People wanted to see Spider-Man in the MCU, which was pretty revolutionary for Marvel’s B, C, and even A-list characters. In a way, the absence of the X-Men and Spider-Man allowed the others to breathe and headline in their universe. But again, people wanted to see Spider-Man in the expanding and relatively well-received world. He is, after all, not only Marvel’s most popular superhero but the genre’s most popular superhero.
So, after Marvel and Sony brokered a deal to share the rights of Spider-Man, Peter Parker flipped into the MCU for the first time in the Captain America: Civil War trailer.
Since 2017, Spider-Man got this full franchise reboot, an acclaimed video game, and a striking performance in the one of the most watched crossover events ever. Now, a gorgeous, otherworldly animated movie.
This essay is not necessarily about Spider-Man: Homecoming or Tom Holland’s Spider-Man (but full disclosure, I love it and him). This is how 2018’s Spider-Man: Into the Spider-Verse explores the complex character of Peter Parker, his legacy, and how it all makes you fall in love with Miles Morales.
What makes Spider-Verse different is that Spider-Man isn’t Peter Parker—the nerdy and lovable brunette from Queens whose backstory is so ingrained into our pop culture awareness that it’s almost a joke (*insert Toby Maguire crying meme here*). It’s Miles Morales, a sweet and anxious, kid from Brooklyn.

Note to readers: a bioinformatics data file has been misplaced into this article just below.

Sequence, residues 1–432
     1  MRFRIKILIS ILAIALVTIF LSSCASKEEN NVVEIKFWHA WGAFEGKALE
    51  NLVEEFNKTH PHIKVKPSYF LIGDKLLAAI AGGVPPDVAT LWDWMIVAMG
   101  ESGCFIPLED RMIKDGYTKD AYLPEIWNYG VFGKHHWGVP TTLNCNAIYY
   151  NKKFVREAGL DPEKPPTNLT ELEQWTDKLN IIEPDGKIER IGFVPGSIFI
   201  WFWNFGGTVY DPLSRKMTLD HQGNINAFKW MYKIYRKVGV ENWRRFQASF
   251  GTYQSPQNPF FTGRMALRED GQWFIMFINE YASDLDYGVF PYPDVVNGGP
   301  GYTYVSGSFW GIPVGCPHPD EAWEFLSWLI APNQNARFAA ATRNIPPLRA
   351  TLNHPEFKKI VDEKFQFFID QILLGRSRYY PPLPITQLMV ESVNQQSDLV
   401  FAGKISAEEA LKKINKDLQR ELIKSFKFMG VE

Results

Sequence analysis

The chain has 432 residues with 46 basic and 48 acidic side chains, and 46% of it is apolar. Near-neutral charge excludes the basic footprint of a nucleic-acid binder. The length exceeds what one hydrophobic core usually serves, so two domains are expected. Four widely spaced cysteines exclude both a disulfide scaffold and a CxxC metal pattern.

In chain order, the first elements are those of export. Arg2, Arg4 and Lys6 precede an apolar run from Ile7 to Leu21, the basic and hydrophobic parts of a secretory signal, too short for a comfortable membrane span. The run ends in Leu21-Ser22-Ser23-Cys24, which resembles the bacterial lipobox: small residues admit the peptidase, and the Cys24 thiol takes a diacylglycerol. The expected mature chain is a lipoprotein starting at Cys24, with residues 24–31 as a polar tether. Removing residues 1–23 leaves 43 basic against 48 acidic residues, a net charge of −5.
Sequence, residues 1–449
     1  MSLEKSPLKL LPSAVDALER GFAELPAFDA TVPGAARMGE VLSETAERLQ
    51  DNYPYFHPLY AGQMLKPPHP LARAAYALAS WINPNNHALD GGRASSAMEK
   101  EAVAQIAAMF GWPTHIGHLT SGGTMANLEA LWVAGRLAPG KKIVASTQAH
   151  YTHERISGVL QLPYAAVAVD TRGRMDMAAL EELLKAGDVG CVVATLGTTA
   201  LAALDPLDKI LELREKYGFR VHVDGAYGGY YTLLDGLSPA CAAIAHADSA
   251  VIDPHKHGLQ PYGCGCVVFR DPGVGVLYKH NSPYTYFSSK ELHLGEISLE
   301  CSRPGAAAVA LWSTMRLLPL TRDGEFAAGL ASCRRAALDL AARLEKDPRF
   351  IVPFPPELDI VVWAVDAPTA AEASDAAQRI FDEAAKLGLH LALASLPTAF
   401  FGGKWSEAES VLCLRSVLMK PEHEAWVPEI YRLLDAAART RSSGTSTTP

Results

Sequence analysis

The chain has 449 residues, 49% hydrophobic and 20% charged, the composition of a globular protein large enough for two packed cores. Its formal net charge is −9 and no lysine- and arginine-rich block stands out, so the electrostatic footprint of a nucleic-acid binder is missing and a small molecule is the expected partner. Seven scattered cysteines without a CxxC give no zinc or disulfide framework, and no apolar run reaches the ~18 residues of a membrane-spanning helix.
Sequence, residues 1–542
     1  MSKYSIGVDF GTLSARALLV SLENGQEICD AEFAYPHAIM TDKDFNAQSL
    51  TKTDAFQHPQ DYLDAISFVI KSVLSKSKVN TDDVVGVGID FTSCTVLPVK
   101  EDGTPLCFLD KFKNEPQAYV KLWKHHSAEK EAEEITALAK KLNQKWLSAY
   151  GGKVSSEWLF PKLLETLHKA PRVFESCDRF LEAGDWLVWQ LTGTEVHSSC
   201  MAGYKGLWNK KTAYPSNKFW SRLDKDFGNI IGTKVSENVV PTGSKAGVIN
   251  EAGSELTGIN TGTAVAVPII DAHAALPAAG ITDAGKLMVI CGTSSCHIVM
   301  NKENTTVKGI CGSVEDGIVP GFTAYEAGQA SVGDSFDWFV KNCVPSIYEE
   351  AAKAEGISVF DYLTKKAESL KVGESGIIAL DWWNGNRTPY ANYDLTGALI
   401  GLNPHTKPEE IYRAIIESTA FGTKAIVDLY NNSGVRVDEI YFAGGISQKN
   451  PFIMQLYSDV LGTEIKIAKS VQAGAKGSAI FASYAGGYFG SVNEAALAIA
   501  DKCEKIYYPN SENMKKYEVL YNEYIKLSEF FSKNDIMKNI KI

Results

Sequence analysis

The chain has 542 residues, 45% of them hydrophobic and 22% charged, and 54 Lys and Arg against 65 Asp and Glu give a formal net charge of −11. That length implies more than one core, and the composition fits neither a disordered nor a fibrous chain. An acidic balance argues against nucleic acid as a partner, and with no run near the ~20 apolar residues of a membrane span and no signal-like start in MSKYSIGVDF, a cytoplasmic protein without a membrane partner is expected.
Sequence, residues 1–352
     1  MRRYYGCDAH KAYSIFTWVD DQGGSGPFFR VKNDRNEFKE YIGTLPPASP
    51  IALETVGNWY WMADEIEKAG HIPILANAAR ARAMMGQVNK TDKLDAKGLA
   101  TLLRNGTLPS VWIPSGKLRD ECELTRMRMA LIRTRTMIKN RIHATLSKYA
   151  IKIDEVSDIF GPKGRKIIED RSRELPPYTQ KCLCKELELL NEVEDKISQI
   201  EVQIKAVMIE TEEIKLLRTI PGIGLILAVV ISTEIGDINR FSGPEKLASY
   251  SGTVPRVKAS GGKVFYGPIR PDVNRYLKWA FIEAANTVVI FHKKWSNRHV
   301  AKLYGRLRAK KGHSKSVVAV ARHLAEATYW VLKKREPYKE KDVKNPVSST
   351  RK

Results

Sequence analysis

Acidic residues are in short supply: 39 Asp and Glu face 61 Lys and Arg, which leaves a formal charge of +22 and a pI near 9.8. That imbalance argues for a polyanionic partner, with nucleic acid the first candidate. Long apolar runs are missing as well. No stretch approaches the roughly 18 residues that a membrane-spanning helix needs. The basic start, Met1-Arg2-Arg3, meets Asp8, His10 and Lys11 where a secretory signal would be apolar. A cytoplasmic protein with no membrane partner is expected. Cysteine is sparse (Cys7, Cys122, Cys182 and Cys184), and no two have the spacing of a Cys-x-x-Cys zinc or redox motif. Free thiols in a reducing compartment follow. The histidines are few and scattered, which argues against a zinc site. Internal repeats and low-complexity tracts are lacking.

Miles is voiced adorably by Shameik Moore who perfectly captures the eagerness and nerves of a young teenager. He is Afro-Latino and one of the few heroes of color given a production as large as this one. Miles also made an appearance in Disney XD’s animated series and the video game, but this is his first time as the lead in a media setting.
And what a perfect, perfect debut.
Spider-Verse opens with Miles going to a new, high-achieving school, put under pressure by the expectations of everyone around him. Miles is pulled apart by his own insecurity, underestimating his worth as a student, as a son, and later, as a superhero. After getting bitten by a radioactive spider, he stumbles into a battle between mobster Kingpin and renowned hero, Spider-Man (voiced by Chris Pine). Spider-Man takes note of Miles and his new powers, promising Miles that he will show him how to handle his new hopped-up genetic abilities.
But Spider-Man is murdered—and a horrified Miles is struck with guilt and fear on what to do with his new powers. He runs into Spider-Man again—but it’s an older, sadder, deadbeat Peter B. Parker, voiced perfectly by Jake Johnson.
With Kingpin’s new machine converging alternate universes together, Miles and Peter need to find a way to pull the seams of reality together so Peter can go back home.
The movie also features other alternative universe Spider-People who fall into Miles’s world, including: